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Islamic Muslim fashion has become a trend in Indonesia. It is said that social media has a huge impact on its development. Indonesia is ranked among the most users of social media. That is why people who wear hijab also use social media for different purposes, one of this is to introduce hijab fashion. Consequently, they are becoming famous in social media. Social media has become a tool for communicating their beliefs as a Muslim as well as personal branding as a good hijabi yet with a fashionable style. This research will examine the social media such as Blog and Instagram, how it triggers the consumer culture to hijabi, what is the actual meaning behind of their feed posts in their social media, how they produce good photograph in their social media and for what reason they use social media. This research had been conducted through in-depth interviews with several bloggers who created Hijabers Community who have made a new trend in Muslim fashion and also Instagrammers who made their feeds as a style inspiration. The methodology used for this research is by analyzing Blog and Instagram through visual analysis that also examines the semiotic meaning behind the photographs that are posted by the people on the social media especially about the Islamic Modest Fashion trend. The theoretical framework for this research is about studying social media that is examined through visual analysis. The Muslim fashion trend was lead by several bloggers and continued to Instagram which then created a consumption pattern. From colourful colors, pastel colors, monochrome colors to neutral coffee tone colors, it was influenced by the Muslim fashion designers that also become digital influencers in social media. It was concluded that social media had been a powerful promotional and effective tool to change the trend in Indonesian Muslim Fashion trend.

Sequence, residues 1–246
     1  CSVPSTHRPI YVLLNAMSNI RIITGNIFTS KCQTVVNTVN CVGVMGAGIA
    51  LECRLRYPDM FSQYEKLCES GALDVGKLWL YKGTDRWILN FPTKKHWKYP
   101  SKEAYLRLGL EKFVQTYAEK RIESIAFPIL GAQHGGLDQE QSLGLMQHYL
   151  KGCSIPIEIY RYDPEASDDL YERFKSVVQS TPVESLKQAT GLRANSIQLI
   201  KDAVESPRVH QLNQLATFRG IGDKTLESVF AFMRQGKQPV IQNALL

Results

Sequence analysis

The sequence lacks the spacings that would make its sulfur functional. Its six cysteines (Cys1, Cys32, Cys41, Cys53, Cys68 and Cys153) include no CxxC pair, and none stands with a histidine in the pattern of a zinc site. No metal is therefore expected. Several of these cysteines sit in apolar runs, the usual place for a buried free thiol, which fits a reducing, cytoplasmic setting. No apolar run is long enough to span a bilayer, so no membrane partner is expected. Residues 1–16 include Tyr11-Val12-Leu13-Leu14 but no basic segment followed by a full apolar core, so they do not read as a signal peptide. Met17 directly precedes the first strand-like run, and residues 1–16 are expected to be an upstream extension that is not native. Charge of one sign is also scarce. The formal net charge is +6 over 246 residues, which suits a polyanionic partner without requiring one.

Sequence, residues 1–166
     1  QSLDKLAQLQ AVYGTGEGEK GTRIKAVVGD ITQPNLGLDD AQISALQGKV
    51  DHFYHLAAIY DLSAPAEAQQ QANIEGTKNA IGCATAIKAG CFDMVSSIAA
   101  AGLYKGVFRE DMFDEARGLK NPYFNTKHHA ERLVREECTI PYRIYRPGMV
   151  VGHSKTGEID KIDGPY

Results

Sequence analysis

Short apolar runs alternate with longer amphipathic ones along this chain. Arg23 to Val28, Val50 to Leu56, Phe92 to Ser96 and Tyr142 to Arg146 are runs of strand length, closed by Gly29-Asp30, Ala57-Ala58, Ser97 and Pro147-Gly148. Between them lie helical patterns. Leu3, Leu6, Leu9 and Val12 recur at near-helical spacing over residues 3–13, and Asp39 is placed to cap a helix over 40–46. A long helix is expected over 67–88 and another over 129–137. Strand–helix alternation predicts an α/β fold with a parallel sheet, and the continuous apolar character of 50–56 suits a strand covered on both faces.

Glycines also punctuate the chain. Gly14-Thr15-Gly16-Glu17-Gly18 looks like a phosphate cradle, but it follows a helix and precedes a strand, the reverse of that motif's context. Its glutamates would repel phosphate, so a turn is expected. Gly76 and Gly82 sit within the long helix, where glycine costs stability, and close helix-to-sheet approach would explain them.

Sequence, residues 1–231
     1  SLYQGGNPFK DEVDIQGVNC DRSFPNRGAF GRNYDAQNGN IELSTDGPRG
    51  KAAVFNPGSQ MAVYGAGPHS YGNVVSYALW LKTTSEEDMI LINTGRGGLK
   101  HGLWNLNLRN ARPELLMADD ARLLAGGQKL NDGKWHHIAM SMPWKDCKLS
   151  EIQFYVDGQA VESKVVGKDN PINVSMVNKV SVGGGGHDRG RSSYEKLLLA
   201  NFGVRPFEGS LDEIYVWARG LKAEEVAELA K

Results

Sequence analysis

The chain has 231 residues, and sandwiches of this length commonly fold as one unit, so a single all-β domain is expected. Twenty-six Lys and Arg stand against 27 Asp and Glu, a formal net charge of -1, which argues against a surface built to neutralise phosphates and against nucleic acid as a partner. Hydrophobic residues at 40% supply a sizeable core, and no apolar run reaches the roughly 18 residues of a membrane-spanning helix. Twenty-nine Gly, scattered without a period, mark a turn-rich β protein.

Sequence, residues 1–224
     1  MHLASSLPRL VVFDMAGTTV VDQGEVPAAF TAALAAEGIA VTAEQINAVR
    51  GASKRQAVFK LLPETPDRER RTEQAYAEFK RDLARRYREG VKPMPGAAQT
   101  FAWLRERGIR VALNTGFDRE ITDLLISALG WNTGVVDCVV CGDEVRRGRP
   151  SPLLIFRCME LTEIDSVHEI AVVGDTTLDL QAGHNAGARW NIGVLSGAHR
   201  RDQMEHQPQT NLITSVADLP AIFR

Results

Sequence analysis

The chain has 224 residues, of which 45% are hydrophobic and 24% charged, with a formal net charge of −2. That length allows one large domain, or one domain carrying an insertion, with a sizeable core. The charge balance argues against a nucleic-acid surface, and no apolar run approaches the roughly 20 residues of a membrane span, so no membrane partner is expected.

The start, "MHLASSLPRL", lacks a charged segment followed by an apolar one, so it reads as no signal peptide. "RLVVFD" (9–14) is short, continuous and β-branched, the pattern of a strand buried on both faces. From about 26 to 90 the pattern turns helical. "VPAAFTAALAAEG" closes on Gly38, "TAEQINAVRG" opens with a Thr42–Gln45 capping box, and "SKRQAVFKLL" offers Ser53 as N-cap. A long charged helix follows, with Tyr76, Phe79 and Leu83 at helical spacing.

Keywords: blog, instagram, consumer culture, muslim fashion, social media, visual analysis

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299 New Trends in Pakistani Cinema: Muslim Women, Cinematic Struggle and the Global World

Authors: Sana Zia